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Editor's Rant: Rage Against the Machine!

A Rant Column by Andy Grieser
November 2 , 2000

For many months, I was a huge fan of Urbanfetch. Sure, the site began as a sort of knock-off of Kozmo — both promised deliveries of food, movies, entertainment stuff and other gifts within an hour — but Urbanfetch quickly won my heart with added extras like cookies and T-shirts. These little bonus items were tucked into orders, so that every delivery was like waiting for the Easter Bunny.

Then, a dark day fell, and Urbanfetch decided to suspend its delivery service to all but corporate clients. Sure, Kozmo would fill the need for spontaneous music or video needs, but they never stuffed their deliveries with added extras. Clearly, it was time to make one last order, both for old times’ sake and to get one last T-shirt or magnet or whatever.

Coincidentally, I had been lusting after a Palm Vx. For years, I’ve carried around a battered Dayrunner organizer, but it became more hassle than help. Heck, the calendar inside is still from 1995, just because I never got around to buying refills. And instead of neatly writing contact information in the phone list, I took to scrawling numbers on scraps of paper and stuffing them into the Dayrunner’s pockets. Besides which, the Palm Vx is a gadget, which always makes me coo with pleasure like a magpie eyeing something shiny.

I almost bought said Palm from the neighborhood Staples, but it was priced exactly the same on Urbanfetch. While I had planned to use my last order on compact discs or even Game Boy cartridges, I now decided to blow it all on my beloved PDA. I mean, come on — I’d be spending $400. Surely they’d throw in two or three shirts!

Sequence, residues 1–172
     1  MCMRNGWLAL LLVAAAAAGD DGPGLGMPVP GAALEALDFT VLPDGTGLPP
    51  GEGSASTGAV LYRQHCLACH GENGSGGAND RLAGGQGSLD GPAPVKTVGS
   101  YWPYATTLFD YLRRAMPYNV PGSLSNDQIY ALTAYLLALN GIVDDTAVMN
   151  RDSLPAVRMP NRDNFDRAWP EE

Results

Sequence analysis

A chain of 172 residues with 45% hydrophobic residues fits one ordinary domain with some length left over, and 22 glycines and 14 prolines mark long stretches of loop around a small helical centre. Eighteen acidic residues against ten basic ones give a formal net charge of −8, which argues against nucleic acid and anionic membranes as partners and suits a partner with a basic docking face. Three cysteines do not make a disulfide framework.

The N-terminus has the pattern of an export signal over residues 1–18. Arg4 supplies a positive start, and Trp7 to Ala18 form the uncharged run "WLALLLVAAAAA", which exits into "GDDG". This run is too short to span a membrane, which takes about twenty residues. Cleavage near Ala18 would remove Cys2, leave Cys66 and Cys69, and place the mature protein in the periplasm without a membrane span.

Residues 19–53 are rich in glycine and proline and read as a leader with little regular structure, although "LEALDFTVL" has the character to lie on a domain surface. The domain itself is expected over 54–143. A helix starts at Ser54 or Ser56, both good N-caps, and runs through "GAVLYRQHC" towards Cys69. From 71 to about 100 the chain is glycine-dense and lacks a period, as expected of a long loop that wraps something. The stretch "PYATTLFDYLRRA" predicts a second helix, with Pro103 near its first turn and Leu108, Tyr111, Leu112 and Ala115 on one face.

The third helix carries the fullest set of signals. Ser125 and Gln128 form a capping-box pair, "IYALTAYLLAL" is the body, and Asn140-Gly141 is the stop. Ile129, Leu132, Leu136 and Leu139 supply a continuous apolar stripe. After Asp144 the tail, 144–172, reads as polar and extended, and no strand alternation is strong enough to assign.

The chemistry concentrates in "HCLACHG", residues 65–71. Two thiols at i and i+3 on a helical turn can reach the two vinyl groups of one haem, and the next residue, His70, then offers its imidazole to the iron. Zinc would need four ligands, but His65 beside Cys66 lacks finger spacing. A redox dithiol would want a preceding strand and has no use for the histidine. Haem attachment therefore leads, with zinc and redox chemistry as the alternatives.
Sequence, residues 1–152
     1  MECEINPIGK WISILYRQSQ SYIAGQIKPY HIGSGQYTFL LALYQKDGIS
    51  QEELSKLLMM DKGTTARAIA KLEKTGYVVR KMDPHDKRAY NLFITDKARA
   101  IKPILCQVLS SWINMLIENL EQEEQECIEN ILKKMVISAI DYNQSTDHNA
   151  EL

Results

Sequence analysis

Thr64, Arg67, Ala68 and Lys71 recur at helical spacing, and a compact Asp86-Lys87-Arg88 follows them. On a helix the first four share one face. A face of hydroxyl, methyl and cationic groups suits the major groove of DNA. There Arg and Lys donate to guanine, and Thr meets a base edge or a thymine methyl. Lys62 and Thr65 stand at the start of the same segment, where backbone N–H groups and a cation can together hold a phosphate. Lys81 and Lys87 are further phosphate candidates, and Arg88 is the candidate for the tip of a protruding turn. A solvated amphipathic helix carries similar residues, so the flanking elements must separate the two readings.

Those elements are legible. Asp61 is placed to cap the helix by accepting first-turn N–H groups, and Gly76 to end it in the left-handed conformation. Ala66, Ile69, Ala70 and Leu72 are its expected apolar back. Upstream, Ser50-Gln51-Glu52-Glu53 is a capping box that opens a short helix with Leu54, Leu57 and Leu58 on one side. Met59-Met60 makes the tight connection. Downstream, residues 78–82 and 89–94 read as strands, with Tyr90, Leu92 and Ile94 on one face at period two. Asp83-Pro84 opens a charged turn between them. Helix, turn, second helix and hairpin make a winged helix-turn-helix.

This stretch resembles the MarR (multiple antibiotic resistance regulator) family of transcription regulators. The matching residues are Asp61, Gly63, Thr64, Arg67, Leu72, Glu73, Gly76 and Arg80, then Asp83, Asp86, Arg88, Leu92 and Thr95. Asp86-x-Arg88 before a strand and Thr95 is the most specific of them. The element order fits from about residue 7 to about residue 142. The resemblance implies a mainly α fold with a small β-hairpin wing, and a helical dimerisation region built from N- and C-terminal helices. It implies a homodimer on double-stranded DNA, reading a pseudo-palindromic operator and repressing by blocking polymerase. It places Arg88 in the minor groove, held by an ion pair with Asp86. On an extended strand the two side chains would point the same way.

And so, on Monday, Oct. 16, I placed my order.

First bad sign: Deliveries weren’t scheduled until the next day. Kozmo and Urbanfetch built their businesses on one-hour deliveries, so we busy corporate types don’t have to leave our laptops to shop. Still, I’d heard a rumor that Urbanfetch was laying off delivery folks, and I was sure everyone else in the city was placing one last order as well, so I happily chose a time for the next day.

Now, as a busy corporate type (read: forgetful), I always put a note with my Urbanfetch order that the delivery can be left with a doorman or receptionist or other convenient person. I did the same here, in case I was unable to meet the delivery person.

Monday night, I began to rethink my purchase. The price was awfully steep for an impulse buy. I looked around at some of my other impulse buys: a digital camera, broken during either a trip to the beach or a night at a bar; aforementioned Game Boy, purchased for a cross-country train trip more than a year before and not used since. You get the idea. Problem is, Urbanfetch had said all sales were final, what with them closing and all. I made a mental note to pay extra on that month’s Visa bill to cover it, and went to bed.

Tuesday, I felt like a kid at Christmas. I stuffed the old Dayrunner into my backpack and headed into the city, envisioning all the ways my new toy would make my life more efficient. I did stop myself when the fantasy began to involve winning the lottery. Well, soon after, anyway.

The earliest delivery time available was 11:30 a.m., which snuck up on me. As I’d anticipated, I was stuck in a meeting, and afterward noted the voicemail on my phone. It was the receptionist; the Urbanfetch guy was there and wouldn’t hand over my package without seeing an ID. That’s odd, I thought. They’ve never asked for one before.